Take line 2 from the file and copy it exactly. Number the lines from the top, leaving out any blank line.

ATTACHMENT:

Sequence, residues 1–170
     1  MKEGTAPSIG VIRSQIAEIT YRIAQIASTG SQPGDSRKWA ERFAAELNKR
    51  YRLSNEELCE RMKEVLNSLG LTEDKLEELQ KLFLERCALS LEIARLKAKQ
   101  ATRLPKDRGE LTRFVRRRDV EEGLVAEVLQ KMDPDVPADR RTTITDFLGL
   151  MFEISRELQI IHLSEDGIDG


     1  MKEGTAPSIG VIRSQIAEIT YRIAQIASTG SQPGDSRKWA ERFAAELNKR